by David Schultz. Santa Barbara, CA: ABC-CLIO, 2009. 233pp. Hardcover. $44.95/£31.95. ISBN: 9780313353444. E-book. (contact publisher) ISBN: 9780313353451.
Reviewed by Bill Wilkerson, Department of Political Science, SUNY College at Oneonta. Email: wilkerwr [at] oneonta.edu.
Much has been written about the use, and argued abuse, of eminent domain in the United States in the wake of the Supreme Court's 2005 KELO v. NEW LONDON, CONNECTICUT. In KELO, the Court upheld the use of eminent domain to acquire 15 properties and turn them over to a private developer as part of a large-scale multi-use development that included a large corporate research facility. The property owners lost in court, but the Institute for Justice, the libertarian public interest law firm who sponsored and promoted the case managed to turn the dispute into a cause celebre. Editorial writers across the country wrote about the decision in scathing terms. Susette Kelo – the lead plaintiff who along with her little pink house became the symbol of eminent domain abuse – emerged as a minor celebrity and the central actor in a breathless book length treatment of the dispute (Benedict 2009). In the months and years since the issue of economic development takings has remained in the news and over 40 states have revised state laws related to eminent domain. Although the furor has quieted somewhat, the use of eminent domain remains a controversial topic in American politics.
This debate did not emerge out of thin air. Rather conservatives spent a quarter century arguing that the takings clause of the Fifth Amendment. Books such as Richard Epstein’s TAKINGS and Ellen Frankel Paul’s PROPERTY RIGHTS AND EMINENT DOMAIN made a forceful case for stronger constitutional protection of property rights through the takings clause. A series of favorable US Supreme Court decisions beginning in the late-1980s such as NOLLAN v. CALIFORNIA COASTAL COMMISSION and DOLAN v. TIGARD along with WAYNE COUNTY v. HATHCOCK, a prominent 2004 Michigan Supreme Court ruling, encouraged conservative court watchers to believe that KELO would provide a major constitutional breakthrough.
Amidst all of this, in EVICTED! PROPERTY RIGHTS AND EMINENT DOMAIN IN AMERICA David Schultz attempts to broaden the focus beyond the drama of the KELO dispute and to provide an overview of eminent domain for "general readers, property owners, and local government officials" (jacket cover) A political scientist, also trained as a lawyer with experience as a city planner, Schultz is able to write authoritatively and examine eminent domain from a variety of perspectives. After a brief introduction, chapters 2 through 7 provide a series of primers on important issues underlying the current eminent domain debate. Schultz explains complex concepts, sometimes in great detail, and demystifies jargon as he [*514] works his way though these subjects in generally engaging prose.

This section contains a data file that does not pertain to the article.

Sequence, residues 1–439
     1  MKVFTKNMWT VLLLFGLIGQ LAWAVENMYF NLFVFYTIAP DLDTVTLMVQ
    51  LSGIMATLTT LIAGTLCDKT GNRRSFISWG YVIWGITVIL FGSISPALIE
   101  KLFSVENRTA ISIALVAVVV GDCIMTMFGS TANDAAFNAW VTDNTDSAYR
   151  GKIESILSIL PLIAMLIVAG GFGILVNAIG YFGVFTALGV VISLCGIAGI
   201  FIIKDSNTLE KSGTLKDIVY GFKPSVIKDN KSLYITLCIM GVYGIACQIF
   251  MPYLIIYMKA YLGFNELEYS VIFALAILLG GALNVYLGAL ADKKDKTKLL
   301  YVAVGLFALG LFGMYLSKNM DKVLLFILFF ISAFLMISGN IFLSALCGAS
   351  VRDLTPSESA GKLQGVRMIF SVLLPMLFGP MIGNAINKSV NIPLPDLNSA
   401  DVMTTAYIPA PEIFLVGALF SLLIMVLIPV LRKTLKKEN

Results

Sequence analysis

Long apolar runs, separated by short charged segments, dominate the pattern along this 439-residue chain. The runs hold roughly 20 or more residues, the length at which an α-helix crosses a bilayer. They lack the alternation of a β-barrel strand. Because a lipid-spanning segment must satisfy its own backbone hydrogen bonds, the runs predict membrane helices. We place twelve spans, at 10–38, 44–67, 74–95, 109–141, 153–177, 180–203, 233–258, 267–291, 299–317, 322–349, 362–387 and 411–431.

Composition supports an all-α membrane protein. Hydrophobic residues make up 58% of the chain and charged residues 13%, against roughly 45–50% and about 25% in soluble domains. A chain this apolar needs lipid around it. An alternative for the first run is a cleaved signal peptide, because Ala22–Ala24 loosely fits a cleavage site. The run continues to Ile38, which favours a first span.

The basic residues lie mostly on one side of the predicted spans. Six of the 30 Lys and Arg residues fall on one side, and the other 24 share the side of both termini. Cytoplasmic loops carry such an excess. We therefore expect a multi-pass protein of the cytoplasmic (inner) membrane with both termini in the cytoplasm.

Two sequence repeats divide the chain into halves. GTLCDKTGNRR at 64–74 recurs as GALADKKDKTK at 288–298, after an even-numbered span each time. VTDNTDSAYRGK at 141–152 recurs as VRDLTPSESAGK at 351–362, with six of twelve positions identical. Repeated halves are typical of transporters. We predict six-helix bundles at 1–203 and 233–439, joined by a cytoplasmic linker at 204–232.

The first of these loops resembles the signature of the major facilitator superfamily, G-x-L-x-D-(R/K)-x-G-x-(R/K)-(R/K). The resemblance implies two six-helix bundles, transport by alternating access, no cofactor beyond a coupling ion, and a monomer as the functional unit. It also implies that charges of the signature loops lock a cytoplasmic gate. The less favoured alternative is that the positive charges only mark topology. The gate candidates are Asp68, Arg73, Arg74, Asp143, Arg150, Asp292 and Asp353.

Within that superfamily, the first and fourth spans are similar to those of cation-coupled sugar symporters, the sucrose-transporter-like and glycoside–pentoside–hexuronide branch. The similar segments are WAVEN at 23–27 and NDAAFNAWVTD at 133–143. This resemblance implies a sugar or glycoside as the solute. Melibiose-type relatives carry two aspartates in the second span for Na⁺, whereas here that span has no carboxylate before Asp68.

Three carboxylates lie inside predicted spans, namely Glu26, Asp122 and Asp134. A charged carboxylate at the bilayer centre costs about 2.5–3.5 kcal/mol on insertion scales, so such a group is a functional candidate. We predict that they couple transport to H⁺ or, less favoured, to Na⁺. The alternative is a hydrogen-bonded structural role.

Chapters 2 and 3 focus on property rights generally. Chapter 2 examines the concept of property, noting the broadness of the concept in law and how definitions of property have differed across time and space. Schultz examines prominent thinkers – Hume, Rousseau, and especially Locke – whose competing ideas influenced what was to become the American notion of property. Property is a broad idea, and with it come rights and privileges, but importantly, examining early American law these rights have limits and have always been limited. For example, harmful uses of property can be prohibited. In addition these limits have changed over time as technology has changed and communities have grown. Chapter 3 looks at the flip side of property rights: government’s ability to regulate, to tax, and to take possession of property through eminent domain. He briefly explains the constitutional underpinning of Congress’ regulatory powers, the police powers of the states, and the power to tax by all levels of government. As property rights predate the Republic, so too does the eminent domain power. In fact, limitations on the use of eminent domain, especially the requirement of public use and compensation for the property taken did not fully emerge until the 18th century.
Chapters 4, 5, and 7 concern federal, and to a lesser extent, state constitutional law in the area of eminent domain throughout the nation's history. In these chapters Schultz examines the court's answers to four questions: 1) what property does the takings clause refer to? 2) what is a taking? 3) what is "public use"? and 4) what is "just compensation"? While detailed answers to each of these answers is beyond the scope of this review, Schultz argues that government has long had broad eminent domain power: it can acquire any property, the government may regulate property extensively without being required to pay compensation, and in most instances the only real justiciable issue is how much the property is worth. In answering the third question, what is public use? – the subject of KELO – Schultz notes two definitions have been put forward. The narrow definition urges that public use means "'used by the public," stipulating that the property must actually be used in a way that the public enjoys it" (p.82). Typical examples of such public enjoyment include schools, roads, and parks. In contrast, a second broader meaning allows that public use means "for the public welfare" or "for the public good," a definition that includes a wider range of activities whose primary benefit may go to the private parties as long as the community as a whole benefits. Economic development is an example. Schultz argues that the latter, broader definition has long dominated: